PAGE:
I rushed my group back to the hotel and we were given a wonderful performance of traditional Tibetan dancing. Colorful, intricate costumes, wonderful singing and music. The performers had such wonderful energy and amazing smiles. I think this ended up being one of the best things about our week...other than the views, the monks, the Tibetan Children's Village, prayer flags...it was an amazing experience! I was a bit disappointed to be sleeping back in the hotel instead of a tent. The hotel was cold, stuffy, and sheets a bit stained. (Rule #1 when traveling to budget hotels in India, always bring your own linen). But, I slept much better than my first night at the hotel with my "loose motions."
Our decent down the hillside, back to the airport the next day was a little sad for me. I was ready to stay and just have Greg join me, rather than head back to Mumbai. I think that was a sentiment for other staff members and some of the students too. We had a little bit of a debacle with the flights out of Dharamsala, but it was worked out and our plane cleared the mountains, rose into the blue sky, and we watched to mountains slowly disappear.
Diwali, India's equivalent of Christmas and a festival of lights, just finished this past Sunday. All over India, there were rangolis (designs made of colored powder) at people's doorsteps, diyas (colorful clay bowls that are filled with oil and lighted) placed at doorways, around houses (in our hotel i Aurangabad there were placed in the hallways and all over the lobby), lanterns, and so many fireworks that I now laugh at our 4th of July displays. This festival celebrates Ram, Sita, and Ram's brother's return from exile after Ravana, the evil ten headed god, was killed. The lights signify the townspeople lighting the way home and welcoming the three home. On the commercial side of things, Diwali means may sales and discounts, just like Christmas.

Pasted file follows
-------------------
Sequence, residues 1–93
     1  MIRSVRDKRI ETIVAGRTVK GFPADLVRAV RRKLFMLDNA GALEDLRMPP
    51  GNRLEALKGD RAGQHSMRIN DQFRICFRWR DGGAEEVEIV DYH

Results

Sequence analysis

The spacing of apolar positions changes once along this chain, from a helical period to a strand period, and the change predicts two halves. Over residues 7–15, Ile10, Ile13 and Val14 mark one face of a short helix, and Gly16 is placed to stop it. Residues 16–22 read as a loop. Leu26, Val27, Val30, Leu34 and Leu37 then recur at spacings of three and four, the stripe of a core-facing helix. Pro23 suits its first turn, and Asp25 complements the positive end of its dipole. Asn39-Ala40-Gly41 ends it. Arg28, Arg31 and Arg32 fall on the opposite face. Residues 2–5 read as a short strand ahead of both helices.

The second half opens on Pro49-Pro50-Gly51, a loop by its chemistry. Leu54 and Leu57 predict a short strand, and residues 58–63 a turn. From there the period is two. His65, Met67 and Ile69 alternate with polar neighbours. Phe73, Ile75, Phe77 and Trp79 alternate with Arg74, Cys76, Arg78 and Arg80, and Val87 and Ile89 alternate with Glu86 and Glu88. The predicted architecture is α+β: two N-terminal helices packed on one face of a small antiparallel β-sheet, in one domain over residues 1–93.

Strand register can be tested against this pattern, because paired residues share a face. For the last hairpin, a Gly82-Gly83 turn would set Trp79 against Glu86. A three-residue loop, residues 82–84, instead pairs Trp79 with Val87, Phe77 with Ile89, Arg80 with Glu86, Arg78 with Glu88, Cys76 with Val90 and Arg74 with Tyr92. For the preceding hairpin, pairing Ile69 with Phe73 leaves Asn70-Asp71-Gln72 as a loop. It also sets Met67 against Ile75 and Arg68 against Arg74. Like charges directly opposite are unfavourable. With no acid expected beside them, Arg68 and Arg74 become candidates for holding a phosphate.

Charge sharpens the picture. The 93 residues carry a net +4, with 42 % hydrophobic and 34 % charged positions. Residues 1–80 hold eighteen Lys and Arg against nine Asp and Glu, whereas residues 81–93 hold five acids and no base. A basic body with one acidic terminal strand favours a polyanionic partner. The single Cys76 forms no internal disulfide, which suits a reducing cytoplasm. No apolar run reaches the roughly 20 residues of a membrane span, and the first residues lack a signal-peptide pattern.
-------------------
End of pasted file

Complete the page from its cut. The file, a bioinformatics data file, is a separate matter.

Three Fridays ago, before Greg and I left on our respective Week Without Walls trips, the school had a Diwali assembly. when I entered the school that day, there were flower streamers, lights, and ceiling decorations all over the building. It looked beautiful. Most of the staff and students were dressed in Indian wear and there was such a festive spirit in the air. The assembly was where all the time and energy that myself and 15 others spent the past month learning a Garba dance would be shown off. We all gathered to change into our costumes, complete with lots of jewelry and bindis. The earrings were very heavy and as I moved my head around, I was worried my ears were going to fall off. How am I going to dance in these?! At the assemble, many different groups of students performed dances and plays. They were all wonderful and the kids seemed to have a lot of fun. We were on last, as we headed on stage I though, "crap, it's happening. Will I remember the steps?" I was nervous and I had a knot in my chest the full five minutes of the dance. We whirled and twirled, our sparkling dresses swirling about and there were a lot of smiles. It was fun. When the music ended, we had a big applause and we had done it! No major catastrophes or errors. Then there was a feeling of, wow we worked so heard and now it's over. Hmmmm, that's a bit of a let down.
Luckily, we were suck a hit that we have been asked to perform at the PTA gala this weekend so we get another performance, then it's over.:) Once I get a hold of a video of the performance, I'll post it. Until then, enjoy some of the prep photos.